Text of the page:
Culture of Zimbabwe

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Zimbabwe has many different cultures, which may include beliefs and ceremonies, one of them being Shona. Zimbabwe's largest ethnic group is Shona. The Shona people have created many sculptures and carvings of gods (idols), which are made with the finest materials available.

Art[edit]

Main article: Art of Zimbabwe

Traditional arts in Zimbabwe include pottery, basketry, textiles, jewellery and carving. Among the distinctive qualities are symmetrically patterned woven baskets and stools carved out of a single piece of wood. Shona sculpture in essence has been a fusion of African folklore with European influences. Also, a recurring theme in Zimbabwean art is the metamorphosis of man into beast.

Among members of the white minority community, theatre has a large following, with numerous theatrical companies performing in Zimbabwe's urban areas.

Though the country's art is admired by those that know of its existence, several Zimbabwean artists have managed to gain a world audience, to name some world-famous Zimbabwean sculptors, we have Nicholas, Nesbert and Anderson Mukomberanwa, Tapfuma Gutsa, Henry Muyradzi, and Locardia Ndandarika. Internationally, Zimbabwean sculptors have managed to influence a new generation of artists, particularly African Americans, through lengthy apprenticeships with master sculptors in Zimbabwe. Contemporary artists, including New York sculptor M. Scott Johnson and California sculptor Russel Albans have learned to fuse both African and Afro-diasporic aesthetics in a way that travels beyond the simplistic mimicry of African Art by some Black artists of past generations in the United States.

Language[edit]

English is the official language of Zimbabwe, though only 2% consider it their native language, mainly the white and coloured (mixed race) minorities. The rest of the population speak Bantu languages, such as Shona (chishona) (76%) and Ndebele (18%). Shona has a rich oral tradition, which was incorporated into the first Shona novel, Feso by Solomon Mutswairo, published in 1957. English is spoken primarily in the cities, but less so in rural areas. Education in Zimbabwe is taught in English, Shona and Ndebele. Many rural primary schools teach in the native language until grade three; then, school is taught in English.[1]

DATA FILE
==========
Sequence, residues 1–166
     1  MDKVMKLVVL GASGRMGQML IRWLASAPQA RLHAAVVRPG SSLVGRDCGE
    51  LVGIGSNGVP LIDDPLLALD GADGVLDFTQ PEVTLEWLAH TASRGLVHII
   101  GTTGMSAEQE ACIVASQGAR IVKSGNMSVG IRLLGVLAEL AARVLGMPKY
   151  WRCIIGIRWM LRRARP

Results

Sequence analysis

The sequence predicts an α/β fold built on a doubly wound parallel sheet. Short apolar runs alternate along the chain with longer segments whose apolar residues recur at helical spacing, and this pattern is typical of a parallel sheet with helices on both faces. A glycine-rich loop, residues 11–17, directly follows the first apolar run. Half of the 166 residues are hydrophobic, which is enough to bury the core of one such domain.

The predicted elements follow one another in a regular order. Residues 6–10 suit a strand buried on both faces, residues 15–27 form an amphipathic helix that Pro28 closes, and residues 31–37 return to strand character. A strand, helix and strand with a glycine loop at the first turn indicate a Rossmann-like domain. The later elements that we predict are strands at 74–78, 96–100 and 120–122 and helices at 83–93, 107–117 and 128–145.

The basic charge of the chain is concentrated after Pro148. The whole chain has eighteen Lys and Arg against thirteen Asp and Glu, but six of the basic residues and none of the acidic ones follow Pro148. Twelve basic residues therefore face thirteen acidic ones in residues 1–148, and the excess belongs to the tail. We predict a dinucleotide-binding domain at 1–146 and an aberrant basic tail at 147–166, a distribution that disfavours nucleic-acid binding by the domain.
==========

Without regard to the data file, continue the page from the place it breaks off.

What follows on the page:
Food[edit]

See also: African cuisine

Like in many African countries, a majority of Zimbabweans depend on staple foods. "Mealie meal", or cornmeal as it is known in other parts of the world, is used to prepare bota, a porridge made by mixing cornmeal with water, to make a thick paste. This is usually flavored with butter or peanut butter. Bota is usually eaten for breakfast. Cornmeal is also used to make sadza, which is usually eaten for dinner, and by many for lunch too. The process of making sadza is similar to bota, however after the paste has been cooking for several minutes, more cornmeal is added to thicken the paste until it is hard. This meal is usually served with vegetables (spinach, chomolia, or spring greens/collard greens), beans, and meat (stewed, grilled, roasted, or sundried). Sadza is also commonly eaten with boerewors (a sausage made from beef or pork), chicken, or curdled milk (sour milk), commonly known as "lacto" (mukaka wakakora). Rice and chicken with coleslaw salad is often served as the main meal. Graduations, weddings, and any other family gatherings will usually be celebrated with the killing of a goat, sheep, or cow, which will be braaied (or barbecued) for the gathered family.

Since Zimbabwe was a British colony, they have adopted some English habits. For example, most people will have porridge in the morning, however they will still have 10 o'clock tea (midday tea). They will have lunch, which can be leftovers from the night before, freshly cooked sadza, or sandwiches (which is more common in the cities). After lunch, there is usually 4 o'clock tea (afternoon tea), which is served before dinner. It is not uncommon for tea to be had after dinner.

See also[edit]

References[edit]

  1. ^ "Zimbabwe Education System". www.classbase.com. Retrieved 2015-10-19.